While the proposed changes are housekeeping items, they are important nonetheless. Mr. Speaker, the Municipal Government Act is the legislative framework for Nova Scotia municipalities. Unless an authority is explicitly granted or implied in the legislation, municipalities are not authorized to take action - this means that situations periodically arise when logical courses of action are not available due to legislative constraints.

Mr. Speaker, these constraints may be unintended or as a result of new situations that arise in a dynamic government context. In this case, it has come to our attention that the Municipal Government Act does not explicitly state whether municipalities are able to give grants to villages.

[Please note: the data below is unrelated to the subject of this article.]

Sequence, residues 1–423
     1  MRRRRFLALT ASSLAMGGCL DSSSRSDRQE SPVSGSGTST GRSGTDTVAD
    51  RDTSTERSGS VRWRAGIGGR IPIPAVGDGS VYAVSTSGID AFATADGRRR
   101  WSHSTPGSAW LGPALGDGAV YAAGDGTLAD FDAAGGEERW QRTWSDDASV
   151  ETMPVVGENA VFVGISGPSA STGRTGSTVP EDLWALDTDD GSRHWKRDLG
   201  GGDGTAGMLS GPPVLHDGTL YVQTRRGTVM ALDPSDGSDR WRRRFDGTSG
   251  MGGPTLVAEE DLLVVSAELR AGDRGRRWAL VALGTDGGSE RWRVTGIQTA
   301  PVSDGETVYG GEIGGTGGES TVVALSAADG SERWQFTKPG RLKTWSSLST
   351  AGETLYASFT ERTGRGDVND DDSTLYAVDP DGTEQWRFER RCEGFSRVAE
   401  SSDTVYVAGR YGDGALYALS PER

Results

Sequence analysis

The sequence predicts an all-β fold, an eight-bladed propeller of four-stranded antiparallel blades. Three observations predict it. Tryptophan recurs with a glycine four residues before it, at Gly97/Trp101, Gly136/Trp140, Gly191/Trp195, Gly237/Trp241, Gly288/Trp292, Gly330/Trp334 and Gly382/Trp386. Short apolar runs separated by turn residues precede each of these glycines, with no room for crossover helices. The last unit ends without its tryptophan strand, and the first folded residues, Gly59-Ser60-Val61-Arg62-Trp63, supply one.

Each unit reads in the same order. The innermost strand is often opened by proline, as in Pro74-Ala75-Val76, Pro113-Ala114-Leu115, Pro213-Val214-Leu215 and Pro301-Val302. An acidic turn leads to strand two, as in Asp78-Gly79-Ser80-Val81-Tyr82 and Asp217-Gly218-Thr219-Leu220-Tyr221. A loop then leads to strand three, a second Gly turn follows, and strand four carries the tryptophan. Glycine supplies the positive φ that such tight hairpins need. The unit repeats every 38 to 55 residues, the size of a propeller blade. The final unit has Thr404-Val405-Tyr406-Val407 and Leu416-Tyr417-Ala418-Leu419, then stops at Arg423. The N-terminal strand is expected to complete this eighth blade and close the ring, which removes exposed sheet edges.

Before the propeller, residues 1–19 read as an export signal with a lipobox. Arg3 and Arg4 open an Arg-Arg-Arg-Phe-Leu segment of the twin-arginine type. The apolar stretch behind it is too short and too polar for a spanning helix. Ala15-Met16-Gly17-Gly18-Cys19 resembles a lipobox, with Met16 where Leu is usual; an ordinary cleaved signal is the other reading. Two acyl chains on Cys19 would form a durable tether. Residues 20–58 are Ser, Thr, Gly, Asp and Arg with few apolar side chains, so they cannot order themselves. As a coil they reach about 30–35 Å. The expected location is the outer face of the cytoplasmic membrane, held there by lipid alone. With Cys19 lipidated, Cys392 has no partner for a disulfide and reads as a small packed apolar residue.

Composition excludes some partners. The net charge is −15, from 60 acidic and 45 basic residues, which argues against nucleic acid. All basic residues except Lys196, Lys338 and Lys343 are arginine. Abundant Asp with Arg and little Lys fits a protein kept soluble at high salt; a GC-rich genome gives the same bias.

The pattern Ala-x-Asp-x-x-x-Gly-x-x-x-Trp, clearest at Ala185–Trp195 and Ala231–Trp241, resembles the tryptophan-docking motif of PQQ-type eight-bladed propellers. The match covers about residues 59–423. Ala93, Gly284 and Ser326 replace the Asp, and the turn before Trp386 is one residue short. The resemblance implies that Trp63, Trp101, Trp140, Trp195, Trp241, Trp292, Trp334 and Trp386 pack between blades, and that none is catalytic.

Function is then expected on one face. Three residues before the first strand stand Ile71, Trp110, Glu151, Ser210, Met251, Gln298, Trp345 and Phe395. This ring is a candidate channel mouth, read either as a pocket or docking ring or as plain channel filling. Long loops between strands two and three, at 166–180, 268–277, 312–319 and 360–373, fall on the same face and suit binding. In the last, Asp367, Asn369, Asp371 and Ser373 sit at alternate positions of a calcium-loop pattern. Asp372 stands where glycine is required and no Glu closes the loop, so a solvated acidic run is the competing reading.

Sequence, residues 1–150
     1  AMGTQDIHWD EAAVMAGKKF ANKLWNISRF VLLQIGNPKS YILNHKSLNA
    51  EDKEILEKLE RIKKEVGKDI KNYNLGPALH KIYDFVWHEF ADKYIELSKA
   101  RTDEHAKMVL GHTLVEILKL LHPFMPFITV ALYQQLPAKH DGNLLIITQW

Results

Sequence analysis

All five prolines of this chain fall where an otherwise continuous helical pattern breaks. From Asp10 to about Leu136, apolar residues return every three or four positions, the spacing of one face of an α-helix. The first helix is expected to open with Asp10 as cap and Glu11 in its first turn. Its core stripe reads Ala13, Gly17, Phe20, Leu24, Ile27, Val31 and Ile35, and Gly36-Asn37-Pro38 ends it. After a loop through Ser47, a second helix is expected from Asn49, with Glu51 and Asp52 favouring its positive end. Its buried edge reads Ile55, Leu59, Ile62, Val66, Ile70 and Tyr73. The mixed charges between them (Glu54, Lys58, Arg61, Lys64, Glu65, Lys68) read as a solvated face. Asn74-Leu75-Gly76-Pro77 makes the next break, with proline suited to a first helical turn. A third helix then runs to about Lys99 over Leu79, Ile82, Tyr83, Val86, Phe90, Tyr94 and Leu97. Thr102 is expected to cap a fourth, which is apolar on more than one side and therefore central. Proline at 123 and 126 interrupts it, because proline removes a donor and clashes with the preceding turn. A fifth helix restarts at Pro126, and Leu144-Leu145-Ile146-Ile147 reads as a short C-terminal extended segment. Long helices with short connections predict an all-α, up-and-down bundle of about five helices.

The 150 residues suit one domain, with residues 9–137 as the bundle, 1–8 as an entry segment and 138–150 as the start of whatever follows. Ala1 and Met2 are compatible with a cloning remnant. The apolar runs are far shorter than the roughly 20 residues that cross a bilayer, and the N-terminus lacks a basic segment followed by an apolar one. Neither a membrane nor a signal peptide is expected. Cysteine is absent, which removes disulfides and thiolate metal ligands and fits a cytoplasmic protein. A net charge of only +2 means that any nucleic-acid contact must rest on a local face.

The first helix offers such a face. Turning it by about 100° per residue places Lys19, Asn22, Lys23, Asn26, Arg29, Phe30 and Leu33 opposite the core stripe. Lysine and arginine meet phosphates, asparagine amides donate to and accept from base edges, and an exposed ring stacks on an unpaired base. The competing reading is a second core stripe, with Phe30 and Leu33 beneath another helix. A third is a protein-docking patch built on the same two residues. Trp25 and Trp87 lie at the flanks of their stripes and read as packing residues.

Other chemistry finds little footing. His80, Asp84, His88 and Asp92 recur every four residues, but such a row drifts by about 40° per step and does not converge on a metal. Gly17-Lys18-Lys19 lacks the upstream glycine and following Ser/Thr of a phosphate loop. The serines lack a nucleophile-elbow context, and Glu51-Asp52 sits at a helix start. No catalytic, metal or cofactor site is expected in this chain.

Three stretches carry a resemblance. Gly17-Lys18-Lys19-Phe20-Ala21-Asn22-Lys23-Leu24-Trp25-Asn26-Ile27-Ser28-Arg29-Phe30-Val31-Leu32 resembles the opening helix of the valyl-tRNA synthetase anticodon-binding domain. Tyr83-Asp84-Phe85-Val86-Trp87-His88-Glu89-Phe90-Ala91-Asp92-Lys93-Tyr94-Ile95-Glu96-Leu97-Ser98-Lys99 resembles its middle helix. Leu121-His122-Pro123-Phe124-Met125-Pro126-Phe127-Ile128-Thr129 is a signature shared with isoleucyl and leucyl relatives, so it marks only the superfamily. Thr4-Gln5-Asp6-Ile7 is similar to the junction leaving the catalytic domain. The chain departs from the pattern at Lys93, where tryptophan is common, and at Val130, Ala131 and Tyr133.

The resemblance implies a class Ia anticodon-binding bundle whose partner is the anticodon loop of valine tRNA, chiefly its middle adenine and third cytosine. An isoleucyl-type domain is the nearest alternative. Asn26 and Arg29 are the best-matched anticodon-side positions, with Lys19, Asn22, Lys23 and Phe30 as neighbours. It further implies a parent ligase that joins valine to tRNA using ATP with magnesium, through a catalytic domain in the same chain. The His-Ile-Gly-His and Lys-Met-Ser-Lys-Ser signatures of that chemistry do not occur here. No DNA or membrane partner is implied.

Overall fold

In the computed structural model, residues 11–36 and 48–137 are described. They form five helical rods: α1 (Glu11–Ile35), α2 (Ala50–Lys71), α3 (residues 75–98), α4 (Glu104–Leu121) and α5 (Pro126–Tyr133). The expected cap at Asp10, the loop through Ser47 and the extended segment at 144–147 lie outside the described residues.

Municipalities are entitled, under the Act, to provide grants to a range of organizations that provide benefits to the citizens of a municipality. Nova Scotia's 22 villages provide important services to their citizens. They deserve to have clarity on whether they can receive municipal grants. Mr. Speaker, the Association of Nova Scotia Villages requested that government provide clarity on this issue, as they receive support from the Union of Nova Scotia Municipalities. In fact, the UNSM passed a resolution at its September 2012 conference requesting government amend the Municipal Government Act to provide this clarity. Leaving the Municipal Government Act silent on this issue is not an option. We recognize the importance of having absolute clarity in the Act and have taken swift action to make it clear that municipalities can provide essential funding to villages.